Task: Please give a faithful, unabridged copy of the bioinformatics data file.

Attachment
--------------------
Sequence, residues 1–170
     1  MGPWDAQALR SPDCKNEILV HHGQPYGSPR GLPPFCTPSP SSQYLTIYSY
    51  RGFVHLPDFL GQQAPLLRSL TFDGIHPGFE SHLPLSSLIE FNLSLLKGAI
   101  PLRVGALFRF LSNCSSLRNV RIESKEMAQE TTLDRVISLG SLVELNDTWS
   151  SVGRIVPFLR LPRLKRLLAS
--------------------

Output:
Sequence, residues 1–170
     1  MGPWDAQALR SPDCKNEILV HHGQPYGSPR GLPPFCTPSP SSQYLTIYSY
    51  RGFVHLPDFL GQQAPLLRSL TFDGIHPGFE SHLPLSSLIE FNLSLLKGAI
   101  PLRVGALFRF LSNCSSLRNV RIESKEMAQE TTLDRVISLG SLVELNDTWS
   151  SVGRIVPFLR LPRLKRLLAS